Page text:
And that’s the exact moment when, to quote Cool Hand Luke, “they broke me.” Twenty four hours of mind-numbing, fear-laced tedium waiting to see this guy and he’s got all the paperwork filled out before he even sees me, and he tells me I’ll be staying another night. Tears welled up in my eyes, I wouldn’t say I was sobbing, but I was whimpering for sure and I basically started begging this guy to let me go, telling him over and over how I could lose my job if I missed another day of work without my boss even knowing where I was.
The commissioner, seeing how distraught I was, then asked me if this was the first time I had been arrested, and I nodded yes. He then asked me where I worked and I said The Washington Times newspaper. Then he finally asked me what I did. All he saw was “Misdemeanor Trespass” for a charge. When I told him he began to laugh and asked me why I was thown out of the game. I told him and he said “Is that all you did? That’s nothing.” Then begrudgingly but with an air of mercifulness, he tore up the bail papers, changed them to release on own recognizance and kept telling me not to worry, that this was no big deal at all. And I was very grateful to finally hear it from someone in a position of authority, but I couldn’t help thinking, “You were going to put me upstairs where the long-term inmates are for another whole night when I’ve already been here for 24 hours and now you tell me it’s nothing?” But again I remained silent, thinking it was the best policy.
And this commissioner kept talking about The Washington Times, how Rush Limbaugh was always saying good things about it, and asking me what I did there. So I guess I have Rush Limbaugh to thank for keeping me from being locked upstairs for the night with a bunch of guys who had been threatening me for over two hours in a cell right next to these commissioners and whose idea of “roommates” was undoubtedly far different from mine.
Relieved beyond belief, I was led to another holding cell to wait to receive my wallet and keys. This would amazingly take another three hours. While there I talked with a guy who was also being released on his own recog who had been there about 19 hours after being arrested because he didn’t pay a citation for drinking alcohol in public. He showed me his incident report and told me that they don’t just put a warrant out for your arrest in Baltimore for not paying a citation, they go and get you. He told me he was arrested at his home at 2:30 in the morning by a squad of cops banging on his door. For an open container of alcohol. What the hell kind of city are they running up there?
When I told him how happy I was to finally reach this point, the last stop on the way out of this hellhole, he then gave me the last big scare of the whole disgusting experience. “Oh, before they let you out, they scan your name for outstanding warrants. If you have a ticket you didn’t pay or something, they take you all the way back to the beginning and you go through the whole process all over again.”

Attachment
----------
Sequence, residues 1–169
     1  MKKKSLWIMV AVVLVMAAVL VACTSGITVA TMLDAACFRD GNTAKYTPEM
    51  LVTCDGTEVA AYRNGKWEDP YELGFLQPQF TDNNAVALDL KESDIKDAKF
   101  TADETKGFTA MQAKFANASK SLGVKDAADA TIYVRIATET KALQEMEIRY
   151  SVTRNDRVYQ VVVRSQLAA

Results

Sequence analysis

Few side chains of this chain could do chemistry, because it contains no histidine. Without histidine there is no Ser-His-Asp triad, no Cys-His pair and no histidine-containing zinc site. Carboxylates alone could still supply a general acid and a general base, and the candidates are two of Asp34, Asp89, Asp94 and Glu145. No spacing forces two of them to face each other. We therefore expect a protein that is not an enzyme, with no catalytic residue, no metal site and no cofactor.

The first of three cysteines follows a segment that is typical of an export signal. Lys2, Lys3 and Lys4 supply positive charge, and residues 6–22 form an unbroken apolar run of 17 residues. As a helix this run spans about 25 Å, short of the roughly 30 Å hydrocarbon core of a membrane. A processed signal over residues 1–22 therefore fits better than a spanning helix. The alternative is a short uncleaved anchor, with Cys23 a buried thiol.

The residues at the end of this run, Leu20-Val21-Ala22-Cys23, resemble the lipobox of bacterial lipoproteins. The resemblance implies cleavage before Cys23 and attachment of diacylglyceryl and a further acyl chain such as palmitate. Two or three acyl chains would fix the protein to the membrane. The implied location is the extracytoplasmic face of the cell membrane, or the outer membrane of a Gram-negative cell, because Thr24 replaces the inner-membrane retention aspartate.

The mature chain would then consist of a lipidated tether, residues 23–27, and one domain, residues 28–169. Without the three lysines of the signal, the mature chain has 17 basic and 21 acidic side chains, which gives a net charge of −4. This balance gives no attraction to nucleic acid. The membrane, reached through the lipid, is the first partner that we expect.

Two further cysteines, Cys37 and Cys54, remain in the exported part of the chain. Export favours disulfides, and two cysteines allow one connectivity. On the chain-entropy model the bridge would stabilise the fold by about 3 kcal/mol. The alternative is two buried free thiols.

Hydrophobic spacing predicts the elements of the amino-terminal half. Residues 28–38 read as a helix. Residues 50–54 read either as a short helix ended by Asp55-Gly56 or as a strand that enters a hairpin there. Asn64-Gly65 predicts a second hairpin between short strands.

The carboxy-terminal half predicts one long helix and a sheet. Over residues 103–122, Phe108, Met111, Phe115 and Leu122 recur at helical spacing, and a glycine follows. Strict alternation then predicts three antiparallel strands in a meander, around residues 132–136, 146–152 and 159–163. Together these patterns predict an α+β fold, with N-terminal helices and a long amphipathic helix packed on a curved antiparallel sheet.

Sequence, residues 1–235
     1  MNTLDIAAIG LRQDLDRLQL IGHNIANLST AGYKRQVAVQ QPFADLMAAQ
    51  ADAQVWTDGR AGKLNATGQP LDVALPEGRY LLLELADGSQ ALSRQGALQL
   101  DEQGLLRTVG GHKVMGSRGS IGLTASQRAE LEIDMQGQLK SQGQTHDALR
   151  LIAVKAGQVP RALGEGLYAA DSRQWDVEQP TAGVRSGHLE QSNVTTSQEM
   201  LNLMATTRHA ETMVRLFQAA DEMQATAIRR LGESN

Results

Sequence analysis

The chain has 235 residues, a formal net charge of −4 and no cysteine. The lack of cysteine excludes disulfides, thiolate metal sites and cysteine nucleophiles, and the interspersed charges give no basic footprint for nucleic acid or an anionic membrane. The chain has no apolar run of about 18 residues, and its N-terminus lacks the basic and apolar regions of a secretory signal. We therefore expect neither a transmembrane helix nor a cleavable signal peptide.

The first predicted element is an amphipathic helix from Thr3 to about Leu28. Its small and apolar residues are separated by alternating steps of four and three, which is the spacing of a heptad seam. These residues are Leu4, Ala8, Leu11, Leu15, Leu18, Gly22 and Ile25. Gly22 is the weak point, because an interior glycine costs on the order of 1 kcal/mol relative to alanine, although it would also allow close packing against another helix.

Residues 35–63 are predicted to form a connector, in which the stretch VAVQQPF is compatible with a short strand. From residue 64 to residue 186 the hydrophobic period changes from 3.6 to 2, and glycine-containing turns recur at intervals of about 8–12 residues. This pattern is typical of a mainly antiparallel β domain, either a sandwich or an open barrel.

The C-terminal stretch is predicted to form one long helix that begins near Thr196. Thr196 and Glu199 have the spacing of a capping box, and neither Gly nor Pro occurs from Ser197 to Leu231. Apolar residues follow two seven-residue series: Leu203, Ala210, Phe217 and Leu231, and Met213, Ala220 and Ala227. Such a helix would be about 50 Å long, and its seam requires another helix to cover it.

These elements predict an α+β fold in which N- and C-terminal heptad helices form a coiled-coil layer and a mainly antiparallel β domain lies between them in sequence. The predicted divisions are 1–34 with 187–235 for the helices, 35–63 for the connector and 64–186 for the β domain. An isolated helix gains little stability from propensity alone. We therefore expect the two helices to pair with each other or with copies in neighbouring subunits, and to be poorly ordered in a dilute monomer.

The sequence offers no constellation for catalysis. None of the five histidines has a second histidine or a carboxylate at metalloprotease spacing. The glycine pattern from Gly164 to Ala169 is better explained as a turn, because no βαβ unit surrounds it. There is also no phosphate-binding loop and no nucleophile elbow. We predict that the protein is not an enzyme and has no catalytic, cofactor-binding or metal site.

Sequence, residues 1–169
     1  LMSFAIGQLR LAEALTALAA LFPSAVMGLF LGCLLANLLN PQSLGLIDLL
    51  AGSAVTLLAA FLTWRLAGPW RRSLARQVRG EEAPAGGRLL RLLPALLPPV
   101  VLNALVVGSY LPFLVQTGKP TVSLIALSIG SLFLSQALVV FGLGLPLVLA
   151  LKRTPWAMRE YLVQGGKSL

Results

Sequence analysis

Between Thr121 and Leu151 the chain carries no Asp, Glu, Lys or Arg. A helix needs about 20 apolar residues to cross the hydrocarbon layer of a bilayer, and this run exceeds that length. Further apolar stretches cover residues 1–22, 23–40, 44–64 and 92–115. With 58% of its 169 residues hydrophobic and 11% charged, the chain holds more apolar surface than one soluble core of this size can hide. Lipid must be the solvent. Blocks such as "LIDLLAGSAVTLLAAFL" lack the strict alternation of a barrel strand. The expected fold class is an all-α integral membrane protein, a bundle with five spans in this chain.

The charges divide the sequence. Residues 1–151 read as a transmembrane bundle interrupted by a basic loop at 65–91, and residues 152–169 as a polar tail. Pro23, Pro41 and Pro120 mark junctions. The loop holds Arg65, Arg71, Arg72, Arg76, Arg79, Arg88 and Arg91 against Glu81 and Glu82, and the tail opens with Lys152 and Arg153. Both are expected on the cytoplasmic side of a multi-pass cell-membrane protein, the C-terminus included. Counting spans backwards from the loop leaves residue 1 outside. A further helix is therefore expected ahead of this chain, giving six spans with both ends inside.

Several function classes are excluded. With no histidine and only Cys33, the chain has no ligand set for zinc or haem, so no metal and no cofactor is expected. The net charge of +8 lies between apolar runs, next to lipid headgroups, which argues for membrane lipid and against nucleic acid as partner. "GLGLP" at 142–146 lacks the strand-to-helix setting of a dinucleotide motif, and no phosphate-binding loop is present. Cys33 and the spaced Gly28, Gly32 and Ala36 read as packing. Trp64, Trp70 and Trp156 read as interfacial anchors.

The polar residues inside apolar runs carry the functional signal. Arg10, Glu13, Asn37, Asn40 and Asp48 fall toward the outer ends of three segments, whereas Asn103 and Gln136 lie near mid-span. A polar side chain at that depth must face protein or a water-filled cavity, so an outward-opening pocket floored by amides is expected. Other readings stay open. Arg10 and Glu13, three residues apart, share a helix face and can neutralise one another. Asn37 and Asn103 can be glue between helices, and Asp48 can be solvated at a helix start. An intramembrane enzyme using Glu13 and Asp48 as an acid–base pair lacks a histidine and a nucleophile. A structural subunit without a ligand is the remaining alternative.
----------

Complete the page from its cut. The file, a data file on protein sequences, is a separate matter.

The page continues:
Feverishly I scanned my brain wondering if I’d gotten any parking tickets in the state of Maryland that I’d forgotten about, but apparently all was well and around 1:30 on the morning of July 3, some 27 hours after I was first arrested at the stadium, I was finally released. I caught a cab to my friend’s house and proceeded to take the longest five showers I have ever taken in my entire life.
Telling this story to friends and acquaintances over the following weeks I heard plenty of very believable horror stories about this happening to other people in Baltimore. Apparently it’s quite routine. The worst story by far involved a young woman who was… well, she was mugged. Some thug came along, shoved her to the ground and ran off with her purse. Shaken and understandably upset, she reported it to a police officer. The officer took down her report and then ran her name through the system. Turned out she had an unpaid ticket. This officer then took this woman, who had just been the victim of a crime, handcuffed her and took her to the same Baltimore Central Lockup rathole I was placed in, where she remained for 30 hours. For a traffic ticket. I can’t even imagine what kind of human being can do such a thing to a person in distress, but I damn sure know it’s not the kind of human being who should be walking around with a gun and a badge.
So you can see, then, why I wasn’t amused by Randall Simon’s arrest in Milwaukee. If you recall, Brewers’ executive VP of business operations Rick Schlesinger called Simon’s playful-if-ill-advised tap of the sausage mascot “one of the most outrageous things I’ve ever seen inside a ballpark or outside a ballpark”, adding that “It sickened me to see it.”
Braindead MLB Commissioner Bud Selig later chimed in with an “official statement” saying “Major League Baseball deeply regrets the incident that took place at Miller Park last night and extends its regards to the victims. We are reviewing the situation pending the disposition of the criminal charges against Randall Simon of the Pittsburgh Pirates.